Kishida Vows to Return Growth to the People; Government Also Pledges Efforts to Bring Down Fuel Prices

The Yomiuri Shimbun
Prime Minister Fumio Kishida explains the framework of new economic measures at the Prime Minister’s Office on Monday night.

Prime Minister Fumio Kishida announced Monday an outline of economic measures, with plans to reach a final decision on the steps by the end of October.

Kishida also asked the policy chiefs of the Liberal Democratic Party and Komeito to come up with recommendations soon for the economic measures.

“The economic measures have two purposes,” Kishida said. “The first is to ensure that increased tax revenues, which are the result of economic growth, are appropriately returned to the people who are suffering from the high prices. The second is to provide strong policy support to help Japan’s economy make a historic turnaround from a cost-cutting-focused economy for the first time in 30 years.”

The outline reflects concerns that the rise in prices is significantly impacting people’s lives and putting downward pressure on consumption. It emphasizes that the government will accelerate the realization of a “virtuous cycle of growth and distribution” by strengthening the flow of structural wage increases and investment expansion.

Specifically, the main pillars of the measures were countering high prices and solidifying the economy’s footing; strengthening the flow of structural wage increases and investment expansion; reforming society to overcome the decline in population; and ensuring the safety and security of the Japanese people.

In terms of steps to address high prices, the outline has indicated that it will take “priority measures” for electricity, city gas, and fuel oil such as gasoline. The focus will be on whether to extend the current subsidy program beyond this year.

The economy stagnated due to the pandemic but is now starting to recover. The government will work to increase the number of foreign tourists visiting Japan and expand exports of agricultural, forestry, and fishery products, saying it is necessary to spread this trend to regional areas as well.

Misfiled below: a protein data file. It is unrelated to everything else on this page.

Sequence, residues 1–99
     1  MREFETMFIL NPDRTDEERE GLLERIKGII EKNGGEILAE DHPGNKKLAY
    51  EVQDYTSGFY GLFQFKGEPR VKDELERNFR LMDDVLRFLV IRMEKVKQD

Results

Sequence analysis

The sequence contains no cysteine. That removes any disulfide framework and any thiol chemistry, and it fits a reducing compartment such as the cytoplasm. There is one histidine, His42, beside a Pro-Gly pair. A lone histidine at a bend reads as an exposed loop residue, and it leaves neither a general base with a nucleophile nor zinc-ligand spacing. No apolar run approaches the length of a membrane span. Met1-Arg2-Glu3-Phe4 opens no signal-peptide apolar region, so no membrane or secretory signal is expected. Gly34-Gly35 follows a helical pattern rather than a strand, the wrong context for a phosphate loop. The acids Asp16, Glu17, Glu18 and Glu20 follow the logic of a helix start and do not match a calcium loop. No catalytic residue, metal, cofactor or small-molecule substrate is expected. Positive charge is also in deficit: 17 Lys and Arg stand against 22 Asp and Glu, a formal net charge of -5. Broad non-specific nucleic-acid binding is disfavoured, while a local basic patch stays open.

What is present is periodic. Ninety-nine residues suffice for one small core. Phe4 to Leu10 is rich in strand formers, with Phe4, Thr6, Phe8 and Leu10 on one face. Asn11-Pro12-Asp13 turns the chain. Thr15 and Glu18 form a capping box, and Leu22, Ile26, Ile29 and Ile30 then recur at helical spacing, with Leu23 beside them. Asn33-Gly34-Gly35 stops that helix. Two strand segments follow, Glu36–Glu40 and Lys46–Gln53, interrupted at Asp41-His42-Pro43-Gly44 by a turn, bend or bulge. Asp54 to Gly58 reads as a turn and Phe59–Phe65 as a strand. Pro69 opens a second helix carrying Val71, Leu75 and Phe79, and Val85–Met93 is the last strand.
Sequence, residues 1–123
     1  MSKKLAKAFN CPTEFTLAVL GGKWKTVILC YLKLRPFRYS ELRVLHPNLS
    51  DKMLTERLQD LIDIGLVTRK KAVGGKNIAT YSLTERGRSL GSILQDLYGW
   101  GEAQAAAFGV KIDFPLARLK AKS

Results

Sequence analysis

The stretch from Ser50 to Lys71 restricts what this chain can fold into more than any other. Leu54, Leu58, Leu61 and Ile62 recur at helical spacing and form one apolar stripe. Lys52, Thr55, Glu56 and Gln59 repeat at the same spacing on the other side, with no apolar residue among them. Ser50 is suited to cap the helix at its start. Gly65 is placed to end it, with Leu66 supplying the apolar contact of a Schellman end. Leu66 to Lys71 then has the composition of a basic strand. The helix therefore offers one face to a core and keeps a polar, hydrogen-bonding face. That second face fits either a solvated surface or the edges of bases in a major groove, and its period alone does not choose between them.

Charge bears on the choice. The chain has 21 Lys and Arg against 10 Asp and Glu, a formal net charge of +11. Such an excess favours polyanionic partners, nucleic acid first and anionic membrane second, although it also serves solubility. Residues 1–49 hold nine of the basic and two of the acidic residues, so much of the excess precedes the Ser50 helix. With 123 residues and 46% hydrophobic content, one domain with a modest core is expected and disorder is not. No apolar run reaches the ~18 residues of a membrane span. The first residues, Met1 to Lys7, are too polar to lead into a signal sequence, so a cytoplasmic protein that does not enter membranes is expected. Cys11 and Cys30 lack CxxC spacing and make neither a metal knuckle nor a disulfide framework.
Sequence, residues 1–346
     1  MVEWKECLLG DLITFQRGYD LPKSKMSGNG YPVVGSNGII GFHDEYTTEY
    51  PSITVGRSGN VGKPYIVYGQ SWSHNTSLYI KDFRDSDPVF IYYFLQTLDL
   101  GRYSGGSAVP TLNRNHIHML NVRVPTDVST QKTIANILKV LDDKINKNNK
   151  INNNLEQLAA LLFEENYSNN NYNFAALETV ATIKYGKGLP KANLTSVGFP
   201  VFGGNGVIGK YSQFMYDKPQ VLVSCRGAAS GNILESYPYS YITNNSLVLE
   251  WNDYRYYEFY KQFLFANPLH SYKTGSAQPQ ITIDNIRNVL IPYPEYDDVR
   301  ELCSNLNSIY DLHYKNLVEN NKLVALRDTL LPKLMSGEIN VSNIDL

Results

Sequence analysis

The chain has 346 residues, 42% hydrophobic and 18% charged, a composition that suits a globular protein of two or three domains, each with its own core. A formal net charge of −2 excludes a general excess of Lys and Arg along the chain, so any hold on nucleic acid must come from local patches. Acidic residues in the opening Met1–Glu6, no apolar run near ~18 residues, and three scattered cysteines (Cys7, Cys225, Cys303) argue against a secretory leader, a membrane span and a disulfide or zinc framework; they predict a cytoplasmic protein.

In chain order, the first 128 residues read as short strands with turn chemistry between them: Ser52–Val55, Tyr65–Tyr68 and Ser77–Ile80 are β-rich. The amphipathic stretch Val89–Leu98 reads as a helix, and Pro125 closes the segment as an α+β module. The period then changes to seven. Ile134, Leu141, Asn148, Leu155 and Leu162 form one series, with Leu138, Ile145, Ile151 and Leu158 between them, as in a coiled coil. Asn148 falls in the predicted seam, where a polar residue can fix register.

In terms of increasing wages and investment, the government will consider making continuous wage increases a requirement for subsidies for companies that focus on improving productivity. Support for reskilling workers and promoting startups is also planned.

In an effort to encourage domestic production of crucial materials such as semiconductors and storage batteries, the government envisions establishing new tax breaks for targeted companies.

Regarding social reforms to counter population decline, the outline indicates the intention to promote “digital administrative and fiscal reforms” to improve the efficiency of municipal operations. The 2024 problem refers to a possible shortage of truck drivers as a result of limits on overtime work that will be imposed next April. To address this issue, discussions will be needed on improving drivers’ compensation and implementing regulatory reforms.

On the subject of steps to ensure safety and security, the outline cited measures surrounding the ocean release of treated water stored at Tokyo Electric Power Company Holdings, Inc.’s Fukushima No. 1 nuclear power plant, disaster prevention and mitigation, and the promotion of national land resiliency.

Kishida will ask his Cabinet ministers to compile the measures and, after coordinating with the ruling parties, aim to formulate final economic measures by the end of October.